The third leg of the Croatian adventure began with a refreshing breakfast on the terrace of Gradska Cavana Arsenal in the old arsenal building of Dubrovnik. Then off to the car rental agency to pick up the ride for the next couple days and on up towards the north along the scenic coastal road.
The twists and turns and ups and downs of the Croatian section of the Adriatic Highway immediately brought to mind a similar drive up the California coastline a couple years ago, along the iconic Route 1 from L.A. to San Francisco. The main difference was that this road had a couple passport controls due to the short stretch through Bosnia-Herzegovina which breaks Croatia in two in the south. Beautiful views all along the way, but the road is clearly designed to be driven from north to south, as almost all the scenic view stops were set up so that it was impossible to reach them from the lane heading north. No cool photos of the views therefore, only mental snapshots.
The first stop was made about 140 km and four hours north of Dubrovnik at Makarska on the Croatian Riviera. Apparently tourism is not a new phenomenon here, based on the statue on the boardwalk named Monument to the Tourist erected 10 years ago to commemorate 100 years of tourism.
After some quick refreshments, it was time to get back on the road and continue towards Omis, where a quick look at the views and a drive through the town left one with a feeling that this might be a good place to come back to some time for a couple days.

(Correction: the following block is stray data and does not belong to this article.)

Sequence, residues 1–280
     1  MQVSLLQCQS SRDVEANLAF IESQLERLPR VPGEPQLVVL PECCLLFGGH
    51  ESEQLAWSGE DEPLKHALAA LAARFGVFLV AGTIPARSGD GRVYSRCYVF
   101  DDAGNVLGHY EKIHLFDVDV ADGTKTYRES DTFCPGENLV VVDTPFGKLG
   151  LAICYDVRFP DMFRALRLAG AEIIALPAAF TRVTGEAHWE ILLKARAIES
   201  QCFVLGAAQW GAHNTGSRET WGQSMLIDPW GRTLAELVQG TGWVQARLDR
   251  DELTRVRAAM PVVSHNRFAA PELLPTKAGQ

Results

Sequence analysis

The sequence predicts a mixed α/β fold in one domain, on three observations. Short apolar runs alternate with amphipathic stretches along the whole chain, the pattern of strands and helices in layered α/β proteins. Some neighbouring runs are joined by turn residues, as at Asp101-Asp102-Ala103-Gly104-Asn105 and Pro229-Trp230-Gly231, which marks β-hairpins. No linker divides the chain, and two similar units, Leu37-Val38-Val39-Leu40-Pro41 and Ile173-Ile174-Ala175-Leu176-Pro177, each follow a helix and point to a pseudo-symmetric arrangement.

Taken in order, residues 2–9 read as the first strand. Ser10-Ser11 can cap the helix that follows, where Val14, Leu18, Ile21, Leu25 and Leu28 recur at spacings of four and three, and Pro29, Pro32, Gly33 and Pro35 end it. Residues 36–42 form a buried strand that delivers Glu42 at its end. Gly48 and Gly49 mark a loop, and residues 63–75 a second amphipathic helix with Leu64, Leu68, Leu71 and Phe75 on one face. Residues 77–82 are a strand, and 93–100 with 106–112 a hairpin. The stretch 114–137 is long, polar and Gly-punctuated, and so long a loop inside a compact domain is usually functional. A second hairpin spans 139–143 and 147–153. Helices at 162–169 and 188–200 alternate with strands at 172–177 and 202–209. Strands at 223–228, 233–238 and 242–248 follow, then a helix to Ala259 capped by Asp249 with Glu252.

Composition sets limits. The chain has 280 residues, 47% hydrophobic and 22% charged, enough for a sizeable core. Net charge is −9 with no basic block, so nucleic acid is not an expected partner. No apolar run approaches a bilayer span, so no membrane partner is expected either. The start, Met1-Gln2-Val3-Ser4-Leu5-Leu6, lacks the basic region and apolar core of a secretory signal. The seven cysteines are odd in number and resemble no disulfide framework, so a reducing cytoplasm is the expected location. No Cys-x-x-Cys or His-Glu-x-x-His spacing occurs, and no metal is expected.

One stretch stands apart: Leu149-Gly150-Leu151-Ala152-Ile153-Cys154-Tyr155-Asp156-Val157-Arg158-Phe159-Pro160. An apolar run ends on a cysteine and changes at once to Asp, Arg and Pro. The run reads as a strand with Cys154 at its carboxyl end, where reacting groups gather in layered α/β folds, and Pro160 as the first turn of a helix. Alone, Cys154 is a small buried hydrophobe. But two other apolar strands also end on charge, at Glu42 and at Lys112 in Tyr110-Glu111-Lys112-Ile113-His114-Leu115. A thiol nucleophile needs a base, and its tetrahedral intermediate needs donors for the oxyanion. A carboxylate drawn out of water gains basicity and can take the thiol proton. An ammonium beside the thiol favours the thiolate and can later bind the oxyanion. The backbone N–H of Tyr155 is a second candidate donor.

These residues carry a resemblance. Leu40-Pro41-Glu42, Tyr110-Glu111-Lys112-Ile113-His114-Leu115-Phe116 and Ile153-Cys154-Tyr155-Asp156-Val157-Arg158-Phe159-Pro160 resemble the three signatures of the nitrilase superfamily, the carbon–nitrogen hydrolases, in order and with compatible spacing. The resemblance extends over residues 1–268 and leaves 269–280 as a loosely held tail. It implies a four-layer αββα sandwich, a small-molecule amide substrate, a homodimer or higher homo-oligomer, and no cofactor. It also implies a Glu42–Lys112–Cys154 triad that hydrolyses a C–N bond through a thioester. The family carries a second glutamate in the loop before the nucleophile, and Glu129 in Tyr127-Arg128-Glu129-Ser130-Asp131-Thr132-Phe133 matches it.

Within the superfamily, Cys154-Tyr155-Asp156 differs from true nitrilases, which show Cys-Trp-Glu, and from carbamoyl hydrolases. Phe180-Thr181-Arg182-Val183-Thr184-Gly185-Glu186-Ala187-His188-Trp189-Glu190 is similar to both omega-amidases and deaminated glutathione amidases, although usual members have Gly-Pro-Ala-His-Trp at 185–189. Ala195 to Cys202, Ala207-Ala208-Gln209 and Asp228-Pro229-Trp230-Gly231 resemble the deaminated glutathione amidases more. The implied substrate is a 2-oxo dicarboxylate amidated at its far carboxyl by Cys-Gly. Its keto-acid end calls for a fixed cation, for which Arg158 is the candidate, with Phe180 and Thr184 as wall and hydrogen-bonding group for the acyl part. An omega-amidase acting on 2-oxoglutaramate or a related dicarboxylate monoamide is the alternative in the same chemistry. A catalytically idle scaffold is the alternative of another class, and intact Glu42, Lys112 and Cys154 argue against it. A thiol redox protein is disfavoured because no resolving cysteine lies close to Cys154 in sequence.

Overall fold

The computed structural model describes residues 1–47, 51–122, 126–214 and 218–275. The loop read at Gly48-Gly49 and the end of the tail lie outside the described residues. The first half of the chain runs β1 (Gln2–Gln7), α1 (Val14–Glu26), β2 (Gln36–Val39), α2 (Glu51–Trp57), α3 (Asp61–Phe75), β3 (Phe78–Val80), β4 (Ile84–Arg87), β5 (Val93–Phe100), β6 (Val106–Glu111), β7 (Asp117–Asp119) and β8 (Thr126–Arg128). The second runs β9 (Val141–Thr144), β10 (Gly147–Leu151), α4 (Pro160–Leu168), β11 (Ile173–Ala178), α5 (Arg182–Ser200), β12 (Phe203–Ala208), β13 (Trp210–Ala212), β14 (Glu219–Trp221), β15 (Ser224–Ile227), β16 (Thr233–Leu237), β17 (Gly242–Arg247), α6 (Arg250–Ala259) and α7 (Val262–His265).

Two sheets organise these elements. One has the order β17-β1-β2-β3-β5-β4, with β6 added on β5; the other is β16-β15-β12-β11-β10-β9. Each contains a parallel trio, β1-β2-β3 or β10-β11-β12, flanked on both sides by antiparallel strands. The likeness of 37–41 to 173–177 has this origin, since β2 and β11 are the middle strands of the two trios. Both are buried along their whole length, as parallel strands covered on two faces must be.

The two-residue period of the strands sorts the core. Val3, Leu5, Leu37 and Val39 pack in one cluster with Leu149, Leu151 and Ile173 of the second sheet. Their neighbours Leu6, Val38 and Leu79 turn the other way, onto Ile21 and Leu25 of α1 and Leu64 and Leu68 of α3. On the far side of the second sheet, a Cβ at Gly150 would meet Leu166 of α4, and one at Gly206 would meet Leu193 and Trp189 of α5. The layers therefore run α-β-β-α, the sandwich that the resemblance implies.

Then back in the car, which was making the trip a bit more exciting than necessary: the floor on the passenger side kept turning into a pool due to some strange water leak under the dashboard. Definitely the first and hopefully the last time that stops have been needed to bail water out of a car…
The coastal road was left at Split and the trip continued on along the A1 toll road. The route headed first north between the coast and the Dinaric Alps and then continued east across the southern tip of the Velebit mountain range through tunnels, the longest being close to 6 km. A couple hours cost a bit over 10€ but made the trip to Rudanovac near Plitvice Lakes National Park quick and easy. This area of Croatia was surprisingly different compared to the southern coastal areas, resembling southern Bavaria with its small villages and grazing cows.
At the end of about 7.5 hours and 450 km on the road, a spacious room at the picturesque House Rustico was obtained at a very decent price. After a lovely trout dinner at nearby Vila Velebita, owned by the same proprietor as House Rustico, rest was more than welcome. The evening ended with some excitement as a thunderstorm rolled in and lit up the sky, but the night passed otherwise calmly in the quiet countryside.